Figure 3. The QLab patch and “score” for Matthew Horrigan’s Flatness (2016). [Click image to enlarge]
Audio 1 (1:40). Excerpt from Matthew Horrigan’s Flatness (2016), recorded by Matt Horrigan and Julia Siedlanowska at the Goldcorp Centre for the Arts (Vancouver) from 13–21 September 2016.

Multi-agent systems that improvise in real time, such as the Metacreation Lab’s Musebot framework, need communication methods that allow agents to describe their activities selectively to others (Ibid.). The Musebot framework uses Open Sound Control (OSC), for its flexibility. Individual Musebots come from various human contributors, and each sends and receives messages in a set of OSC namespaces determined by its programmer. For example, the most commonly used messages are:

The Musebots’ lack of a standardized communication protocol means they struggle to synchronize long-duration compositional structures — the “plan” message gets little use.

Indeed, the trade-off between standardization and efficiency (at whose optimum one finds an impoverished vocabulary), flexibility and capacity for innovation (occurring in extreme form as chaos), and human readability (maximized in the absence of non-human intellects) comes into sharp focus when working with the Musebots. Functionally, generative sound lends itself to very simple notation human-oriented notation as far as human observers encounter, since machine-oriented data transfers and processing routines handle much musical interpretation out of sight. For my soundscape-accompanied spoken word piece Flatness (2016), I used a “high-level” text-based notation scheme modelled after a theatre workflow, implemented in Figure 53’s QLab (Fig. 3). 5[5. QLab falls into a burgeoning genre of performance control software programmes used to coordinate technical cues, including sound, lights and other software, in performance.] Triggering transitions from one quasi-generative soundscape to another according to lines of text hides the computer system’s moment-to-moment decision-making process, allowing it to improvise within efficiently human-controllable temporal bounds (Audio 1). 6[6. In the early days of free atonal music, Schoenberg famously turned to a natural language — in this case French — to supply Pierrot Lunaire with the long-term structure his aprogrammatic music didn’t yield. Serialism, that most machine-friendly of artistic tools, eventually made up the difference, at least for the purpose of reducing composers’ cognitive load.]

Figure 4. Improvisational instructions in Matthew Horrigan’s return Main() (2016). [Click image to enlarge]
Audio 2 (0:58). Excerpt from Matthew Horrigan’s return Main() (2016) performed by Sarah Albu, Jacob Armstrong, Sara Constant and Julia Lin during the Toronto Creative Music Lab at the 918 Bathurst venue on 24 June 2016.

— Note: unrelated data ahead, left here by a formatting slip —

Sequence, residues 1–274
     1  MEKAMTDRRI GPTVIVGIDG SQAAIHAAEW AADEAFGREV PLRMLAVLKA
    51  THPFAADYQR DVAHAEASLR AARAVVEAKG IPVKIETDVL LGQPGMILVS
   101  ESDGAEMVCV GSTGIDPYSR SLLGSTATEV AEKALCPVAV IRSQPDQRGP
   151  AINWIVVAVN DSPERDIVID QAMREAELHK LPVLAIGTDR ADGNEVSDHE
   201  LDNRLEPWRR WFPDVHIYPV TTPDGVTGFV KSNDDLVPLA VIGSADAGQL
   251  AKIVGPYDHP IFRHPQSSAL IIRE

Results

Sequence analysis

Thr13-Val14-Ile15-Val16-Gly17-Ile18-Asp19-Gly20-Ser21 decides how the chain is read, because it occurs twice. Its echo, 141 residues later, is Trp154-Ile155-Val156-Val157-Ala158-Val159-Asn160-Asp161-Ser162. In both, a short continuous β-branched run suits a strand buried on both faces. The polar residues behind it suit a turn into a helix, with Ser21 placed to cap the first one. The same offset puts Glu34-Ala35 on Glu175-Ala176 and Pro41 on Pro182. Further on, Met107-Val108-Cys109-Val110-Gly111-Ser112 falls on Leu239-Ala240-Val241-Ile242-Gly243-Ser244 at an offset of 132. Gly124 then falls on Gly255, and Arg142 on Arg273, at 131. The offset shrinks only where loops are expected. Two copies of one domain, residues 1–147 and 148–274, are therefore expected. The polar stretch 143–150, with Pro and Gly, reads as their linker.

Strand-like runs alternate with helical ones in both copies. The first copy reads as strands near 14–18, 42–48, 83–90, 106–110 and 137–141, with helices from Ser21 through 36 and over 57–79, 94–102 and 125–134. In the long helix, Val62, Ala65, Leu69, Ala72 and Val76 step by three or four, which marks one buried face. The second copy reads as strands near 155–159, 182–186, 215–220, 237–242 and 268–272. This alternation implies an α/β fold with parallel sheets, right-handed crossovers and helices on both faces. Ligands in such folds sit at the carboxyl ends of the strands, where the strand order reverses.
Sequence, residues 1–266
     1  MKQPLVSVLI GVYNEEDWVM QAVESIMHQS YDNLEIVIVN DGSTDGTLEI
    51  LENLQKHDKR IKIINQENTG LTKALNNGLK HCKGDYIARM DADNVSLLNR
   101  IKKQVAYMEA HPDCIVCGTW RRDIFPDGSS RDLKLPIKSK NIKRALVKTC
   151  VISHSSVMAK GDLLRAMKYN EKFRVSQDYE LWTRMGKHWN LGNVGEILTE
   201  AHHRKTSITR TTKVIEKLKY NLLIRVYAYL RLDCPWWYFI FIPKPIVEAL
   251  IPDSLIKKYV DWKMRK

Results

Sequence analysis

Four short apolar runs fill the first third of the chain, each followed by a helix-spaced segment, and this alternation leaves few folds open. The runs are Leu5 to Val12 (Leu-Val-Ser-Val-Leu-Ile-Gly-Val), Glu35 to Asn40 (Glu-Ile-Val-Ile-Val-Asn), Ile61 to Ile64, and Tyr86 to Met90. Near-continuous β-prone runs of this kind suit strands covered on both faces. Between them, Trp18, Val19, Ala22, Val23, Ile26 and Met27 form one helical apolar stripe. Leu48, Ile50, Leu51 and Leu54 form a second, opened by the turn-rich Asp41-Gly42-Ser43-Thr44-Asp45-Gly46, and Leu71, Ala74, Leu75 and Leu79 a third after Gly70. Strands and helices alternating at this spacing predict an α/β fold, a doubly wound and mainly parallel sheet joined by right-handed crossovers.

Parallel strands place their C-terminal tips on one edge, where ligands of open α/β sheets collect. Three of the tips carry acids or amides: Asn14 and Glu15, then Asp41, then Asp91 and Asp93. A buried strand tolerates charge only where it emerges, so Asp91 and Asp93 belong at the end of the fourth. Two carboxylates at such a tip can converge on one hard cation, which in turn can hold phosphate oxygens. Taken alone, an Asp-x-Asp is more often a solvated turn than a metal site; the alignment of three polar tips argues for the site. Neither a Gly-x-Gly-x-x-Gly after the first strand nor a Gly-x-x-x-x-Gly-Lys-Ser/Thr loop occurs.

Harker’s score is an ideal version of the piece, for eventual discarding by musicians in the heat of performance.

Machine learning provides one way of harnessing computational efficiency without reducing creativity. Machine-learning algorithms determine relevant features of an existing corpus of data and then generate new expressions bearing similar properties. Taking my inspiration from Brian Ferneyhough’s Sieben Sterne (1970), I have, in my own compositions, explored a process of learning by human performers that is modelled on machine learning (Fig. 4). My goal was to find an efficient way of extending textural passages without involving literal repeats (Audio 2).

Many composers build improvisation into their work by means of novel notation schemes. In the UK, Alex Harker’s techniques include indicating composed versions of a given rhythm and then providing license to improvise on the notated figures. Pieces like Harker’s The Kinetics of Resonance (2007), for solo drumset, avoid over-prescribing by providing template passages and then asking performers to (simply?) do their thing. Harker’s most detailed notes resonate most clearly only in the imaginations of one reading the score — an ideal version of the piece, for eventual discarding by musicians in the heat of performance.

Diaries Hack Perception

Computer networks optimize communication for the goals of the computers involved, gradually removing human consultation from all but the input. Although the niche of music writing on the assembly line between composition and performance shrinks in fields of artistic practice where computers and machines integrate in the process of creation and production, I believe its continued use in such practices emerges from its traditional role in the deliberative process of composition itself.